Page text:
Saturday, April 11, 2015

On Social Isolation.

Ian Cooper

How does a person become isolated?

I used to talk to my dad every day. 

When he went into the old age home, I still saw him every two or three days. I would either drive or ride my bike up there. We could talk on the phone even when I didn’t show up.

My dad died. Sooner or later, I guess that was going to happen.

My sister works full time, retail hours. At seventy-six years old, my mother is still operating a business.

Normally, I would speak to them on the phone maybe once or twice a week. There are times when we really don’t have much to talk about.

I used to have a few friends. They’re all gone now. Various things happen over the course of five, ten or fifteen years.

Some of them may still be out there, but I don’t much care to go looking. Perhaps that is just, for I was trying to change my life. Some of them might have been doing that as well.

I am estranged from my brother. In life, shitty things happen sometimes. I no longer see my brother, nor my two nephews. I used to go over there almost every day, especially after my dad died. I would sit there and watch TV. We were just goofing around. My brother knew people in their little neighbourhood which extended my own social circle.

I used to walk up the street and talk to a neighbour. I don’t live there anymore, that was the street where my buddy Bob lived. He moved away and I don’t know where he went. 

Sometimes it’s better not to go looking anyways.

Ran into a guy on the beach last year. He told me so-and-so died. That was quite a crew in its heyday. I’m not all that proud of it, but at least it was a crew, right? I had somewhere to go.

I’m not a member of the R/C fliers anymore. I dropped out of the writers group and never go out to the spoken word events anymore. I skipped the last convention we had locally. I don’t think I’ve been there in at least two or three years.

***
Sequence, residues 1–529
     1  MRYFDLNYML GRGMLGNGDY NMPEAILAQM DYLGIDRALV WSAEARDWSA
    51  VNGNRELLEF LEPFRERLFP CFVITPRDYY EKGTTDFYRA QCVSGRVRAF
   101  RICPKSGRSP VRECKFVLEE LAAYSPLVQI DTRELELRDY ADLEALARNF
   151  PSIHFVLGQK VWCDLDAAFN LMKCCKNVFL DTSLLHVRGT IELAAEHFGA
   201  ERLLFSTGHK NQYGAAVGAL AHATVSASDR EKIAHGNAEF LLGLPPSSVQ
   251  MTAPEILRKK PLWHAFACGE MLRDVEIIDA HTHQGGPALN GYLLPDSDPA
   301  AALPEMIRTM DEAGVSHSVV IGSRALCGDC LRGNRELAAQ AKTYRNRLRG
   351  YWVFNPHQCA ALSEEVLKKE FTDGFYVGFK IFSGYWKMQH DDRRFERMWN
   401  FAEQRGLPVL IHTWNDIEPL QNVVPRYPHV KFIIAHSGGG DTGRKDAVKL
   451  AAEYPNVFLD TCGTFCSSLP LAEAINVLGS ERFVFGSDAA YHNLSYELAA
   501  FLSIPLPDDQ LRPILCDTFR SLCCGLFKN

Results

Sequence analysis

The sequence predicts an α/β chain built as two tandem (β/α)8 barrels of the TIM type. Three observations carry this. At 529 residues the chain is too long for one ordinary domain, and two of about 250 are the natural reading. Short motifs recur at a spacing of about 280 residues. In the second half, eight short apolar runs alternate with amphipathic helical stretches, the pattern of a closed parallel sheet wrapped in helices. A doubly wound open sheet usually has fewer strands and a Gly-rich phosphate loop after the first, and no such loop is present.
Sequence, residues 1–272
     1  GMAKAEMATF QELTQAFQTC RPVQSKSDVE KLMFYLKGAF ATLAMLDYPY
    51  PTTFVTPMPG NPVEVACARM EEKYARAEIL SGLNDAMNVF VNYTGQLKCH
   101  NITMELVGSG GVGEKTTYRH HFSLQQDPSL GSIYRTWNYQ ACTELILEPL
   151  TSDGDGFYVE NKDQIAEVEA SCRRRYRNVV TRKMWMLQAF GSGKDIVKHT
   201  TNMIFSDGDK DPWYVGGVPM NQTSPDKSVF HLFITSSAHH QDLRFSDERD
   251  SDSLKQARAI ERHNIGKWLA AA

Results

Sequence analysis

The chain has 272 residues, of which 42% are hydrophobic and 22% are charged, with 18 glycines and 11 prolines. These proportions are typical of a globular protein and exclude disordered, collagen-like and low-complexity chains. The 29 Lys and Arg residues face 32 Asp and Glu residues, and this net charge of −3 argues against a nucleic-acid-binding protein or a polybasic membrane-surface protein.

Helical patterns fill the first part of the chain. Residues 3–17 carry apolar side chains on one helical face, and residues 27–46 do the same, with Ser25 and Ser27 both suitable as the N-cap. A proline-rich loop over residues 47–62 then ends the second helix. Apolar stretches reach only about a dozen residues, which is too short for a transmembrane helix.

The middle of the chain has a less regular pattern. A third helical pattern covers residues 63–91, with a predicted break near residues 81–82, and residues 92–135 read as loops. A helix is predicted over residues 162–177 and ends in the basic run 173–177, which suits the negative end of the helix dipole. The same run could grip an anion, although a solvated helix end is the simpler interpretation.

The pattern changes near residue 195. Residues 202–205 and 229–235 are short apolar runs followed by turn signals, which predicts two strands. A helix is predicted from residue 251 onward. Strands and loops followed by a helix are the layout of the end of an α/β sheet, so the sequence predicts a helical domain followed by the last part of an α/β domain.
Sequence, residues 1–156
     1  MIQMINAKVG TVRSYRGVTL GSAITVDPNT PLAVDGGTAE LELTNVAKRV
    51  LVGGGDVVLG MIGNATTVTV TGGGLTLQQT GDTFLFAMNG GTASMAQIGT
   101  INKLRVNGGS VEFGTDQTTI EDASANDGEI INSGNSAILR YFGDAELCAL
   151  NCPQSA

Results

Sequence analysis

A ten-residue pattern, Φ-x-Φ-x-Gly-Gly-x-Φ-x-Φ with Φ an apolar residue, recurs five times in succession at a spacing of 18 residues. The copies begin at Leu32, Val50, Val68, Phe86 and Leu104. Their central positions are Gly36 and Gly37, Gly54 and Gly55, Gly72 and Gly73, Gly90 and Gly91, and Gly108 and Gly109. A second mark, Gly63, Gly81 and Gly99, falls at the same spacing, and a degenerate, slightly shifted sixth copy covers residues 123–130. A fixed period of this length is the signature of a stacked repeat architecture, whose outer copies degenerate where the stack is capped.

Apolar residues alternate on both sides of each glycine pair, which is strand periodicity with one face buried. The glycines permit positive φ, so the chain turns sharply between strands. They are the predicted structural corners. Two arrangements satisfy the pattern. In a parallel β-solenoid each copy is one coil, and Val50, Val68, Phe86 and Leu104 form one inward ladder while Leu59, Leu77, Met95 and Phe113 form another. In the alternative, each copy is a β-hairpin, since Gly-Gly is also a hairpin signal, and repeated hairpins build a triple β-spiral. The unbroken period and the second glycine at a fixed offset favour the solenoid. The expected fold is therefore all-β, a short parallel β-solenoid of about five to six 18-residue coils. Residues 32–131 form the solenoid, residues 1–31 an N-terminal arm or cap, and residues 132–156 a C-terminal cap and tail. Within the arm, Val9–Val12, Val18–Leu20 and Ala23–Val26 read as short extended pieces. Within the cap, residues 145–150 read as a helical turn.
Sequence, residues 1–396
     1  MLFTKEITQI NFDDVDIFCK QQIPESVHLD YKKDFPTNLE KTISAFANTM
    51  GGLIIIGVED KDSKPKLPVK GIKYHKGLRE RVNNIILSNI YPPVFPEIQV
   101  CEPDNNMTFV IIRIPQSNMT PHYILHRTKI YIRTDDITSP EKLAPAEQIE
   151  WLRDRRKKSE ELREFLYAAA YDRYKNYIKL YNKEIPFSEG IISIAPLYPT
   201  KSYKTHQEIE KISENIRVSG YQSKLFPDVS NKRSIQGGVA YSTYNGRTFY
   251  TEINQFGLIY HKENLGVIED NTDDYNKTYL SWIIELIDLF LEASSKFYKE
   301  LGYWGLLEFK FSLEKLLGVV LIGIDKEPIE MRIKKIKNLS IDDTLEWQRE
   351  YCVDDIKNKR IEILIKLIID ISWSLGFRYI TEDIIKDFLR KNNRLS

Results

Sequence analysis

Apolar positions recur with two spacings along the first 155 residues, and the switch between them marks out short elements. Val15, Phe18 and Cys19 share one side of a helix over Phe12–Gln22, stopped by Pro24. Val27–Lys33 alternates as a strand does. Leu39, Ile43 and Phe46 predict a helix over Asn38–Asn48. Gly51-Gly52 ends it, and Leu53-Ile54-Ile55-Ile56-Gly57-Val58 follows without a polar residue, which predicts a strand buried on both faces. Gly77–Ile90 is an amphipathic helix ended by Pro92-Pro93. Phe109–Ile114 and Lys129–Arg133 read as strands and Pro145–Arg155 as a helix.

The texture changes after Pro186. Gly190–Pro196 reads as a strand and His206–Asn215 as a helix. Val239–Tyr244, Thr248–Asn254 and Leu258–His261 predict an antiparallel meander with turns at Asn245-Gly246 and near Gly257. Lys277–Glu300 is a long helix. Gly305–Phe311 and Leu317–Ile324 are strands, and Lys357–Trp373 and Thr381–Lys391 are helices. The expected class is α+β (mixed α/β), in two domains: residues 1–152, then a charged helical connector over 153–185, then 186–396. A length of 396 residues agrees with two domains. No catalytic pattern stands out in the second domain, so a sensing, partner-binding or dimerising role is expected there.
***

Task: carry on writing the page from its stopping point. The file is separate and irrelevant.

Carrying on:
Days can go by when essentially I don’t speak to anybody. It’s like living in a kind of sensory deprivation. What it is, is social deprivation, and that’s why Facebook and other social media took off. There are plenty of social and gregarious people in the world. It’s not surprising that it caught on. But it also took me by surprise when I first got on there. I thought whoever invented that was a genius—and I was right, too.

To some degree it helps, as to whether this is a relationship, or merely an audience, I would say it is a bit of both. Whether performing or spectating, it really still is some kind of relationship.

If nothing else, it gives us the illusion of social interaction. It is active as opposed to passive, in the way that television is passive. It’s interesting that with rise of remote-controls, people’s use of TV changed. Now they change the channel more often—hundreds, possibly even thousands of times a day in some cases. They crank the volume up and down, set things to record and collect shows that will be repeated endlessly over time.

It’s even social in the sense that much of what viewers are looking at are people—you’re looking at pictures of people. Human interest stories are all over the place.

I haven’t had a TV in three or four years. On a very small pension, I just can’t afford it. Not with a phone and a computer on the internet, all at the same time. I suppose that’s why I liked going over to my brother’s house. I could sit there and watch Charlie Sheen, or Burn Notice, Hockey Night in Canada, (my brother’s obsession) or even just the Weather Network.

Living in an apartment building, I speak to one neighbour regularly at any length. I say hello to a half a dozen more. And that is the sum total of my social accomplishments in three and a half years.

It is also true that isolation is often used as a punishment.

An isolation tank or an extended period of isolation can induce neuroses or psychosis.

Here’s the straight dope on social isolation.


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